One of the main challenges of the plastic – and recycling – industries today is the enormous variety of polymer materials used in everyday plastic products, and the fact that some products use mixed types of plastics and as such cannot be sorted and recycled.
Only around 15% of all plastic produced is recycled worldwide, and most recycling is done mechanically. In this process, the materials are usually downcycled, and the plastics can only be recycled a certain number of times.
Another method of recycling is chemical, in which the plastic materials are treated with high temperatures and chemicals to be broken down into simpler chemical units that can be used to form new plastics. However, the amount of chemicals needed means that this process is very expensive and not yet an economically feasible alternative. A new four-year project, UPLIFT, funded by the European Union’s Horizon 2020 research and innovation programme and coordinated by Cristiano Varrone, may be about to change that.
Improving the properties of recycled materials
“Our project aim is to develop what we call bio-chemical or biotechnological recycling, targeting exactly those plastic types that are currently not efficiently recycled. This does not require nearly as much energy, high temperatures or chemicals – but it will still allow us to break down the plastic waste into building blocks. Most importantly, it will not result in a reduction of material quality, so it will allow for infinite recycling. In fact, we will develop bioprocesses that allow for so-called upcycling, in which we improve the properties and sustainability of the materials during the recycling process,” Cristiano Varrone explains and adds:
We will integrate the obtained simpler chemical units with fermented bio-based green chemicals, and through this, we can create new, more carbon-neutral and more renewable bioplastics – which at the same time have better properties so we will need less plastic material in future products
Cross-disciplinary, holistic project consortium
In order to achieve this, Cristiano Varrone has put together a unique project consortium of leading researchers and experts from all over Europe. The consortium includes biotechnologists and polymer scientists, large-scale industrial plastic manufacturers, sustainability experts and waste management facilities, without forgetting the importance of industrial end users, policy makers, municipalities, recycling specialists and facilities, consumer associations and NGOs.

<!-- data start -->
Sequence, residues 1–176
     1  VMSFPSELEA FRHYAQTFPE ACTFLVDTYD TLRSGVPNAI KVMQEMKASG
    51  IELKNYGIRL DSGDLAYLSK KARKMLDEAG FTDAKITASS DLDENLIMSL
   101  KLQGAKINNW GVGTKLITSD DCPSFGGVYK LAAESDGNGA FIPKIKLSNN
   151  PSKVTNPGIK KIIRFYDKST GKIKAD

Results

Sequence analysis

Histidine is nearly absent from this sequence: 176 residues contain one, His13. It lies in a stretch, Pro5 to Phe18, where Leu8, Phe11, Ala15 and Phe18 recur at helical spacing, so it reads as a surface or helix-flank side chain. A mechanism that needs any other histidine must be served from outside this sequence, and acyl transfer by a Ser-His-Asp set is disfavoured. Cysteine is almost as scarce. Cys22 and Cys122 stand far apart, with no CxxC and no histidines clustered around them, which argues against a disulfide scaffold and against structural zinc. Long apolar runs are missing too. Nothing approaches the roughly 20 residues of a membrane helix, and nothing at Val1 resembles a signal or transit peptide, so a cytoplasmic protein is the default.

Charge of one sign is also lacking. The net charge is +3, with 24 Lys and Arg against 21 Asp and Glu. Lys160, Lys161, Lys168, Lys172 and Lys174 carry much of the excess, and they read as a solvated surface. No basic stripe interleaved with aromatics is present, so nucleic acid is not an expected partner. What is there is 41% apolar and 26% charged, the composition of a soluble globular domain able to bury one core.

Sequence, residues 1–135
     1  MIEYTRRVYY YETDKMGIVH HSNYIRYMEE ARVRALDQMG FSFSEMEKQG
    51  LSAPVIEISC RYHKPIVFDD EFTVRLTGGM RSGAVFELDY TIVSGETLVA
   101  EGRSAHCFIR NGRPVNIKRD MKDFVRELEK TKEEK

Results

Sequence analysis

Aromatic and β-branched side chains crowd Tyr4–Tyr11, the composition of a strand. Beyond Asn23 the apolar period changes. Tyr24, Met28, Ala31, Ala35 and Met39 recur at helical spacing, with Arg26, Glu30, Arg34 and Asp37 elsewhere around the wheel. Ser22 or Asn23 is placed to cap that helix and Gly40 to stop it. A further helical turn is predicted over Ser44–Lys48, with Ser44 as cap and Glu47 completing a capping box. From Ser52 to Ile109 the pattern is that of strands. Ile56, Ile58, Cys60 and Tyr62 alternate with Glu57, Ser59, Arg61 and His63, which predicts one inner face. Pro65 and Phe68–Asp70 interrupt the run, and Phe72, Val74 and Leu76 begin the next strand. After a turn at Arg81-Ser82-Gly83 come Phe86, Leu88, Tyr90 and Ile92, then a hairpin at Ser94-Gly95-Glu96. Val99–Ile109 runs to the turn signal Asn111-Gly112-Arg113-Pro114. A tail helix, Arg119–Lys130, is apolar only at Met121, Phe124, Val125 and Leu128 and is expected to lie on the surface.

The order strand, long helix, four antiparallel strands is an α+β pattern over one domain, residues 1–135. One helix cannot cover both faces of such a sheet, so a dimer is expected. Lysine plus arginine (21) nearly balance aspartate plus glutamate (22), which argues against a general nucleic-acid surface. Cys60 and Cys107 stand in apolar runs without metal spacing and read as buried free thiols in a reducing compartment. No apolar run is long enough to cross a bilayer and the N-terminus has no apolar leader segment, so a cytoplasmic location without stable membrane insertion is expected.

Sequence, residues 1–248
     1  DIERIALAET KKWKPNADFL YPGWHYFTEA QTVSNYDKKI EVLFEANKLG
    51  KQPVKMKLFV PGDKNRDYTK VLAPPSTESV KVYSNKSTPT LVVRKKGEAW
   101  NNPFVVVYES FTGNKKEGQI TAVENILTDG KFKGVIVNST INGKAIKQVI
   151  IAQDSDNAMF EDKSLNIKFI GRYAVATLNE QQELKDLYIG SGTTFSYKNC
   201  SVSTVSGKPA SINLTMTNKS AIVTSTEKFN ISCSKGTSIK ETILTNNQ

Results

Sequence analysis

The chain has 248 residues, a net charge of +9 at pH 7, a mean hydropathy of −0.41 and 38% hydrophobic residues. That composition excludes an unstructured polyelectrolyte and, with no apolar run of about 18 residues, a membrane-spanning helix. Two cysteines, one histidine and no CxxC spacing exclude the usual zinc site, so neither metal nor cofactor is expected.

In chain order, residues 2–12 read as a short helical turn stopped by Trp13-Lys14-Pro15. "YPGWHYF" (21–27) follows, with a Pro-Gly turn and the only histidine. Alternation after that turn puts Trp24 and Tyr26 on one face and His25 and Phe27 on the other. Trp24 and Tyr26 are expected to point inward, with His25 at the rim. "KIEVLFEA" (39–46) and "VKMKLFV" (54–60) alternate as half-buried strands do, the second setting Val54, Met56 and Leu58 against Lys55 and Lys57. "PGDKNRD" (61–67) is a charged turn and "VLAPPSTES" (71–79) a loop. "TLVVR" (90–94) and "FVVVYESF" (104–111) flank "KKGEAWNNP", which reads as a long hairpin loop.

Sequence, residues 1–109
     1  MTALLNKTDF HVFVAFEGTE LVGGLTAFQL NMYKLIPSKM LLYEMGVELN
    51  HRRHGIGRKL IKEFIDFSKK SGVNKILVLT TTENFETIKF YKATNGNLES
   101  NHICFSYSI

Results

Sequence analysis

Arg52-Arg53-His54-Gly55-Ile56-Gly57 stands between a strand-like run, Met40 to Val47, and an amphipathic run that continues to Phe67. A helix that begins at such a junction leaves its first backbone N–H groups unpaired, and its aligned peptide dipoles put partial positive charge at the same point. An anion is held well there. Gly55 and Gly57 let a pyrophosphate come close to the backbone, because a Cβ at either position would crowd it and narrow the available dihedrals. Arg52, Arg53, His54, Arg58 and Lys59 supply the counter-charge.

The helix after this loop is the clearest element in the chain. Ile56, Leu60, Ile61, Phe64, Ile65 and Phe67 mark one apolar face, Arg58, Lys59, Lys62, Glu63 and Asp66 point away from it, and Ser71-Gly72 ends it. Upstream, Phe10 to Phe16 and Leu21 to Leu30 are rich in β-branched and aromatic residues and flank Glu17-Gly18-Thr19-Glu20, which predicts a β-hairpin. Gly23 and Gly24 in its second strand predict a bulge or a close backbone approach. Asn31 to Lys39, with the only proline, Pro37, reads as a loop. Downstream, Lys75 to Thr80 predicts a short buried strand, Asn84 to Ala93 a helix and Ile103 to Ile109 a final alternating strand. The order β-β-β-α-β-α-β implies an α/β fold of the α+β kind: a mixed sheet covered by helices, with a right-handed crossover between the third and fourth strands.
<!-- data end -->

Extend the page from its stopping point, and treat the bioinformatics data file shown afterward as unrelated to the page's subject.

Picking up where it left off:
“We have aimed to target the entire value chain, because unless all the stakeholders work together, we will not succeed in making the plastic sector more sustainable. We need to make sure that there is a continuous dialogue between plastic producers, recyclers, policy makers and the consumers, because this is not only about technology. If, say, we develop new eco-plastics that cost more than fossil-based ones – who would be willing to pay for that? Would the producers use a more expensive packaging for their products? Would the consumers be willing to pay more for products in greener packaging, or would the EU states create incentives? And what would be the impact of these new materials on the recycling?” Cristiano Varrone says.
In addition to having developed the project idea and coordinated the project proposal, Cristiano Varrone leads AAU’s research on plastic biorefineries – and works as the gear that connects the project partners. He hopes that the comprehensive project will form a firm basis for a successful outcome with a huge global potential.
“Our goal for the next four years is to develop technologies that can contribute to improving the amount of easy-recyclable eco-polymers and increase the current recycling efficiency. In the EU packaging sector, we have around 42% recycled now – and our aim is to reach 60%; if not within this specific project, then over the next 10 years with the contribution of the technology developed. And if I dare to dream even more, I hope that this positive effect can be expanded beyond the packaging sector, to reduce plastic waste markedly in other areas as well,” Cristiano Varrone finishes.